Discussion of Intracranial hypotension
- Intracranial hypotension results from leakeage of cerebrospinal fluid.
- Intracranial hypotension may be caused by a skull fracture with leakage of cerebrospinal fluid. More often, it may follow an uncomplicated lumbar puncture; however, in many cases it is idiopathic.
- Patients often present with postural headaches.
 Imaging Findings for Intracranial hypotension
- MR imaging is relatively sensitive and specific in the detection of benign or spontaneous intracranial hypotension.
- The classic imaging features include:
- Thick linear enhancement of the pachymeninges, no enhancement of the sulci or brain surface, enhancement above and below the tentorium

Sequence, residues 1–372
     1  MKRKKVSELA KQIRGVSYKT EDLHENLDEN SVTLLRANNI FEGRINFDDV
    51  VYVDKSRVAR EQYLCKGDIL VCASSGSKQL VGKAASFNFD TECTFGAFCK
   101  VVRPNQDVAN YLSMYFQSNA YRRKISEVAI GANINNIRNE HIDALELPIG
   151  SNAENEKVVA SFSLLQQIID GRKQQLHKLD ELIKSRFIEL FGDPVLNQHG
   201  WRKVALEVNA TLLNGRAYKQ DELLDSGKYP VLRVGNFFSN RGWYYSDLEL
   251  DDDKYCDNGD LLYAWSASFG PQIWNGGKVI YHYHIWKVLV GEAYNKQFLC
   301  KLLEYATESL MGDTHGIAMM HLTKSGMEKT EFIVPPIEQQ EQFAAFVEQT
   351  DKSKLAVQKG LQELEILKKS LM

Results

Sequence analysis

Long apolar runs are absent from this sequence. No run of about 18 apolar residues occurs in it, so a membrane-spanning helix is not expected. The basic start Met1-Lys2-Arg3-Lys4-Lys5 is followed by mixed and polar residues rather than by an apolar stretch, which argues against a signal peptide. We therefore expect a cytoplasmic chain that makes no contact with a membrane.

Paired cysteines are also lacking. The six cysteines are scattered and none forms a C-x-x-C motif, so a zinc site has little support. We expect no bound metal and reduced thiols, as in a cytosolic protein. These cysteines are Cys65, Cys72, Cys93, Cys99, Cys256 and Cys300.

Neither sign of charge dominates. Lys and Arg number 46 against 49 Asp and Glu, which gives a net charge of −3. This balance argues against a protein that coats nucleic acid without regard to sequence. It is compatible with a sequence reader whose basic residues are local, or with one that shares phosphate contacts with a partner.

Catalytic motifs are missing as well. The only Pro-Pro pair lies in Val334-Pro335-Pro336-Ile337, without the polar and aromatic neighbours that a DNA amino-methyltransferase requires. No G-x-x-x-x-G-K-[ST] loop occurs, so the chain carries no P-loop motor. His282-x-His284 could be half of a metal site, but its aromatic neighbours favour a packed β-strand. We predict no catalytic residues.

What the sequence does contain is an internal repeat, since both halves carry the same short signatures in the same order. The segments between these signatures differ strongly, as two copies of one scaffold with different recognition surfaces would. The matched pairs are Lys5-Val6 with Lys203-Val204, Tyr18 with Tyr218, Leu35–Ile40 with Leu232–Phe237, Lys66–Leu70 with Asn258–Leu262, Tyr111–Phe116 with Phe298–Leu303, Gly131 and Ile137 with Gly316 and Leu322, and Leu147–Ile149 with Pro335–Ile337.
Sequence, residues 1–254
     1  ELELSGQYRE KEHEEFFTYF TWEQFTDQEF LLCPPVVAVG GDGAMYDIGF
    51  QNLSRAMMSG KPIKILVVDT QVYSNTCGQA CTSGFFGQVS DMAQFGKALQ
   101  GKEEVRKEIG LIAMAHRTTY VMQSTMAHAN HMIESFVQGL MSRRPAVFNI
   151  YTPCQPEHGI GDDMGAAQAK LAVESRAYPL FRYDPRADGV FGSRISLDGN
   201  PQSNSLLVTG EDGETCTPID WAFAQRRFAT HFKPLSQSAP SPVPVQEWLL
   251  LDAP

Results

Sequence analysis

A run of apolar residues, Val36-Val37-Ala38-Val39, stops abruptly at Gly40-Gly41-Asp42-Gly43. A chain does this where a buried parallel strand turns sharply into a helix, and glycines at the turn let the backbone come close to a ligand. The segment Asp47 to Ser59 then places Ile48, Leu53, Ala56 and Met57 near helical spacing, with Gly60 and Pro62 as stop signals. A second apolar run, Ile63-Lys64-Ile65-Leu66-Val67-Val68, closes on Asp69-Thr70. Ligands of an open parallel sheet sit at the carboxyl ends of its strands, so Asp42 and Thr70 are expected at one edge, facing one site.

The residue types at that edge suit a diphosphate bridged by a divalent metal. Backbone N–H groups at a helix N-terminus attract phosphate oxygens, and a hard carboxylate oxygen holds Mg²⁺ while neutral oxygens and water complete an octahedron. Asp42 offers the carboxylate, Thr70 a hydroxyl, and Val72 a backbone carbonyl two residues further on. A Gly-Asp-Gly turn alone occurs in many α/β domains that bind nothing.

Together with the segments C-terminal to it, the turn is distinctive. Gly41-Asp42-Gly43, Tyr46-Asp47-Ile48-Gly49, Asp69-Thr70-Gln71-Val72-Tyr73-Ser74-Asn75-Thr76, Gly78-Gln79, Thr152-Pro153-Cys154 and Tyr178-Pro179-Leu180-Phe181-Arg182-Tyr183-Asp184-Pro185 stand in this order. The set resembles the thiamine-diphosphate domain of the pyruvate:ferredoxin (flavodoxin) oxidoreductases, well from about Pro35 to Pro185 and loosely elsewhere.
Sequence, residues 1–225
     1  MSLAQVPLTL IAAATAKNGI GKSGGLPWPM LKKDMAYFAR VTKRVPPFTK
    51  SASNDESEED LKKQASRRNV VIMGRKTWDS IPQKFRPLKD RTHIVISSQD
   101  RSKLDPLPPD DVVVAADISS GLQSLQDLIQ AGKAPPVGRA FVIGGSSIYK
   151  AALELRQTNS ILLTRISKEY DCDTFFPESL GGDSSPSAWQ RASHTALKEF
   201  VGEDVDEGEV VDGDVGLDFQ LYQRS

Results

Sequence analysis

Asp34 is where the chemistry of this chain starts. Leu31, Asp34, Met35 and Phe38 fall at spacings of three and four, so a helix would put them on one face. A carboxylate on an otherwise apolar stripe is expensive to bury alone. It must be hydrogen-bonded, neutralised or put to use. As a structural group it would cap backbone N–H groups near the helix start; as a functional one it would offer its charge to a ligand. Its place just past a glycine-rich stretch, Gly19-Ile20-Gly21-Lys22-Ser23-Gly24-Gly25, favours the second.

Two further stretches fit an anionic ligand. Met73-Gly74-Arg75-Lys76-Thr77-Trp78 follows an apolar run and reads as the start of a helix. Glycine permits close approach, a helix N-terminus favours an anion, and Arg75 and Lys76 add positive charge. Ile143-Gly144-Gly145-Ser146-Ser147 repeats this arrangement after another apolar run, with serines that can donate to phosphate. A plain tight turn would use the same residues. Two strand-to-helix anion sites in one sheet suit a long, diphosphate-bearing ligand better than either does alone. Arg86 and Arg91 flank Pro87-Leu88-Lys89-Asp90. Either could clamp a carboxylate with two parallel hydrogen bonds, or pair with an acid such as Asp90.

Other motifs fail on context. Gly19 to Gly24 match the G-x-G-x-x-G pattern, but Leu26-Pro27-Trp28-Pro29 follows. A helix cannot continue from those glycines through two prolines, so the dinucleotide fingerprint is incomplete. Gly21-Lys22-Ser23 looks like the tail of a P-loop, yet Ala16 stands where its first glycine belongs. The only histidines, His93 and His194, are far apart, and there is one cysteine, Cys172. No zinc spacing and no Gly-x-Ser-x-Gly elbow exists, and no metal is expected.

- Enlargement of the pituitary gland
- Descent of the brain (low cerebellar tonsils)
- Subdural effusions (or hemorrhage in some patients)
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 References for Intracranial hypotension
- James G. Smirniotopoulos, Frances M. Murphy, Elizabeth J. Rushing, John H. Rees, and Jason W. Schroeder. From the Archives of the AFIP: Patterns of Contrast Enhancement in the Brain and Meninges. RadioGraphics 2007 27: 525-551.